Sulfurous acid (United Kingdom spelling: sulphurous acid, also known as sulfuric(IV) acid, sulphuric(IV) acid (UK), thionic acid (since it has a thionyl group attached to 2 hydroxy groups)) is the chemical compound with the formula H2SO3.
3D model (JSmol)
CompTox Dashboard (EPA)
|Molar mass||82.07 g/mol|
|Acidity (pKa)||1.857, 7.172|
|P260, P261, P264, P271, P280, P301+P330+P331, P303+P361+P353, P304+P312, P304+P340, P305+P351+P338, P310, P312, P321, P363, P405, P501|
|Safety data sheet (SDS)||ICSC 0074|
Except where otherwise noted, data are given for materials in their standard state (at 25 °C [77 °F], 100 kPa).
Raman spectra of solutions of sulfur dioxide in water show only signals due to the SO2 molecule and the bisulfite ion, HSO−3. The intensities of the signals are consistent with the following equilibrium:
17O NMR spectroscopy provided evidence that solutions of sulfurous acid and protonated sulfites contain a mixture of isomers, which is in equilibrium:
Attempts to concentrate the solutions of sulfurous acid simply reverses the equilibrium, producing sulfur dioxide and water vapor. A clathrate with the formula 4SO2·23H2O has been crystallised. It decomposes above 7 °C.
History and productionEdit
Sulfurous acid is commonly known to not exist in its free state, and due to this, it is stated in textbooks that it cannot be isolated in the water-free form. However, the molecule has been detected in the gas phase in 1988 by the dissociative ionization of diethyl sulfite. The conjugate bases of this elusive acid are, however, common anions, bisulfite (or hydrogen sulfite) and sulfite. Sulfurous acid is an intermediate species in the formation of acid rain from sulfur dioxide.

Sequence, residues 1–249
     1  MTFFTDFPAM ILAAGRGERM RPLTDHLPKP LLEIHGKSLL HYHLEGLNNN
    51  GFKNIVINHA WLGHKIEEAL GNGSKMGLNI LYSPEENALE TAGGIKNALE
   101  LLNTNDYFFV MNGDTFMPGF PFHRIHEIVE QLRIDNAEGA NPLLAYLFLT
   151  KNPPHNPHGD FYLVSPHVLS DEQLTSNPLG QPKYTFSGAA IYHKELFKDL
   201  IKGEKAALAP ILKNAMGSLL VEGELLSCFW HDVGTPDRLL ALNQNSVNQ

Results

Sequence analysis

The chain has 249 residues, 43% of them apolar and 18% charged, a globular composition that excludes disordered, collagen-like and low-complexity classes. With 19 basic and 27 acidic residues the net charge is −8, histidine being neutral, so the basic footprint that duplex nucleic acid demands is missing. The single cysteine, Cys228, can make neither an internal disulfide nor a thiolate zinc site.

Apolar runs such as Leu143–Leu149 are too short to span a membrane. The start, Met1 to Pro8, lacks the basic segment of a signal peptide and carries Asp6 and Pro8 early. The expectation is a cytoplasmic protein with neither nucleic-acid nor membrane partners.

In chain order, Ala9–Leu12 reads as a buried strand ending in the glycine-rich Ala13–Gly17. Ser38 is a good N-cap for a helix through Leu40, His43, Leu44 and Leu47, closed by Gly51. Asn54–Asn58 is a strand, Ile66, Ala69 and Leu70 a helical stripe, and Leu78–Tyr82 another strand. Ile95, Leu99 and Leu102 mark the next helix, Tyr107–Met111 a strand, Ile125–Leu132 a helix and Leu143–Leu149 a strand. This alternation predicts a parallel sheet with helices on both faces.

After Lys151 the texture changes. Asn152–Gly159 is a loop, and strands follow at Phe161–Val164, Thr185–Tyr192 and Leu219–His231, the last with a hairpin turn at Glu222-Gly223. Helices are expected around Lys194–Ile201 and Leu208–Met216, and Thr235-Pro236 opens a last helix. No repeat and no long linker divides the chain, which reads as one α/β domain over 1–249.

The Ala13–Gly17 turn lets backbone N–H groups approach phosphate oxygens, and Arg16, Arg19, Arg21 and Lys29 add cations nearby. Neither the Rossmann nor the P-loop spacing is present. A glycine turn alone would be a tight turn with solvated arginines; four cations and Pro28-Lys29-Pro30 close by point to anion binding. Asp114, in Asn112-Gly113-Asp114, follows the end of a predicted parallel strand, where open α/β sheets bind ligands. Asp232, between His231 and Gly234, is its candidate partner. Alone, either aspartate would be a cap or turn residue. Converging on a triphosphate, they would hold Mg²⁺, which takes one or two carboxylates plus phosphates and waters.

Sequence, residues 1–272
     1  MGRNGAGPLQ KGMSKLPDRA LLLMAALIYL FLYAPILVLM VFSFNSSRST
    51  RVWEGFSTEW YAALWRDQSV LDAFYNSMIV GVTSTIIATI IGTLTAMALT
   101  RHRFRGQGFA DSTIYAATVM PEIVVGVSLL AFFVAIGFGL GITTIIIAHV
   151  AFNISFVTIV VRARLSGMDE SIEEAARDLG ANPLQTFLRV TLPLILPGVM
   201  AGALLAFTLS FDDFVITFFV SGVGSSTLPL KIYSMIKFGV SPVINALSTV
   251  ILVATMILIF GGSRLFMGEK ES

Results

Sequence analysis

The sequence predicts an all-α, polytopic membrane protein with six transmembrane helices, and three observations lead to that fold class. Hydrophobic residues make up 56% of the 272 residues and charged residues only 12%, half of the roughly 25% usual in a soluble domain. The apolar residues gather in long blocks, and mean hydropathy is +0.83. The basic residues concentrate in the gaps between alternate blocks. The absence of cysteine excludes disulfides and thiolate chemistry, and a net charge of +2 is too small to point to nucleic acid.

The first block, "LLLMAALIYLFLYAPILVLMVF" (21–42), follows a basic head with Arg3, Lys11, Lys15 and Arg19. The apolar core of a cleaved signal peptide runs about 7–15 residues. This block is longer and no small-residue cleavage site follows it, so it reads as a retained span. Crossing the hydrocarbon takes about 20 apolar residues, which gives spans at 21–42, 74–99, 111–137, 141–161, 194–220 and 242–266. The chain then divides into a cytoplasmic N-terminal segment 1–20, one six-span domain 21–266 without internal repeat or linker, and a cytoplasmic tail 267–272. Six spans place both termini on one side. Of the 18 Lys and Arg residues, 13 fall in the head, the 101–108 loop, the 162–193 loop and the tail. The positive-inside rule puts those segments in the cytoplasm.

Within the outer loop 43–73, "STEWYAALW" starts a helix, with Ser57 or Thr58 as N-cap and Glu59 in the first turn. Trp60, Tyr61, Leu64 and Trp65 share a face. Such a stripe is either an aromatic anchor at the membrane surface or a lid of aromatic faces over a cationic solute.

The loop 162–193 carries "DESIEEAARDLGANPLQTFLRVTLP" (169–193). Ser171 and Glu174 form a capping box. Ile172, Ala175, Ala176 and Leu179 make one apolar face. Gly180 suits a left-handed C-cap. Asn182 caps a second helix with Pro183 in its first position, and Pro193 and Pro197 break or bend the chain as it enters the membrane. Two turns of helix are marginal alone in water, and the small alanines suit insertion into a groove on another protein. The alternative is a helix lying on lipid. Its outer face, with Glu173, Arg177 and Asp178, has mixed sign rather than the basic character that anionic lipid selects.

Aqueous solutions of sulfur dioxide, which sometimes are referred to as sulfurous acid, are used as reducing agents and as disinfectants, as are solutions of bisulfite and sulfite salts. They are oxidised to sulfuric acid or sulfate by accepting another oxygen atom.
- ^ Jolly, William L. (1991), Modern Inorganic Chemistry (2nd ed.), New York: McGraw-Hill, ISBN 0-07-032768-8
- ^ Catherine E. Housecroft; Alan G. Sharpe (2008). "Chapter 16: The group 16 elements". Inorganic Chemistry, 3rd Edition. Pearson. p. 520. ISBN 978-0-13-175553-6.
- ^ Greenwood, Norman N.; Earnshaw, Alan (1997). Chemistry of the Elements (2nd ed.). Butterworth-Heinemann. p. 719. ISBN 978-0-08-037941-8.
- ^ D. Sülzle; M. Verhoeven; J. K. Terlouw; H. Schwarz (1988). "Generation and Characterization of Sulfurous Acid (H2SO3) and of Its Radical Cation as Stable Species in the Gas Phase". Angew. Chem. Int. Ed. Engl. 27 (11): 1533–4. doi:10.1002/anie.198815331.
- ^ McQuarrie; Rock (1987). General Chemistry (2nd ed.). New York: W.H. Freeman and Company. p. 243. ISBN 0-7167-1806-5.
- ^ L. Kolditz, Anorganische Chemie, VEB Deutscher Verlag der Wissenschaften, Berlin 1983, S. 476.